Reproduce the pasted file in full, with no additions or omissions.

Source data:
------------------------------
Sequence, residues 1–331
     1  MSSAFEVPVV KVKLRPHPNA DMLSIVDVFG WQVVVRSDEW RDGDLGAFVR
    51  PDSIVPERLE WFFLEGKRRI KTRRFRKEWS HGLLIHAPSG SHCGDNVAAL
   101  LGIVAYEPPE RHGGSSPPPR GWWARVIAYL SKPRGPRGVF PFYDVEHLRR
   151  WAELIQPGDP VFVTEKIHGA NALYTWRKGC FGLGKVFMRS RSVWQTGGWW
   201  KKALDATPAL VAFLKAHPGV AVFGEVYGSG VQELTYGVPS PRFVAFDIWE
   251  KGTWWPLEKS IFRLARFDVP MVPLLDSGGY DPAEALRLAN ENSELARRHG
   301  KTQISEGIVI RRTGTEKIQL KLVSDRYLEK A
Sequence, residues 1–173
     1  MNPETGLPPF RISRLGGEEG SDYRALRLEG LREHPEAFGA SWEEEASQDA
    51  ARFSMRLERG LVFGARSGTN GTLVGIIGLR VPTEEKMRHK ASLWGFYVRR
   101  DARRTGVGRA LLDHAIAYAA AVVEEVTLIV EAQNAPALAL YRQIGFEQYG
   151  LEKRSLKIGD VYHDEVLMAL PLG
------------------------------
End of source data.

Sequence, residues 1–331
     1  MSSAFEVPVV KVKLRPHPNA DMLSIVDVFG WQVVVRSDEW RDGDLGAFVR
    51  PDSIVPERLE WFFLEGKRRI KTRRFRKEWS HGLLIHAPSG SHCGDNVAAL
   101  LGIVAYEPPE RHGGSSPPPR GWWARVIAYL SKPRGPRGVF PFYDVEHLRR
   151  WAELIQPGDP VFVTEKIHGA NALYTWRKGC FGLGKVFMRS RSVWQTGGWW
   201  KKALDATPAL VAFLKAHPGV AVFGEVYGSG VQELTYGVPS PRFVAFDIWE
   251  KGTWWPLEKS IFRLARFDVP MVPLLDSGGY DPAEALRLAN ENSELARRHG
   301  KTQISEGIVI RRTGTEKIQL KLVSDRYLEK A
Sequence, residues 1–173
     1  MNPETGLPPF RISRLGGEEG SDYRALRLEG LREHPEAFGA SWEEEASQDA
    51  ARFSMRLERG LVFGARSGTN GTLVGIIGLR VPTEEKMRHK ASLWGFYVRR
   101  DARRTGVGRA LLDHAIAYAA AVVEEVTLIV EAQNAPALAL YRQIGFEQYG
   151  LEKRSLKIGD VYHDEVLMAL PLG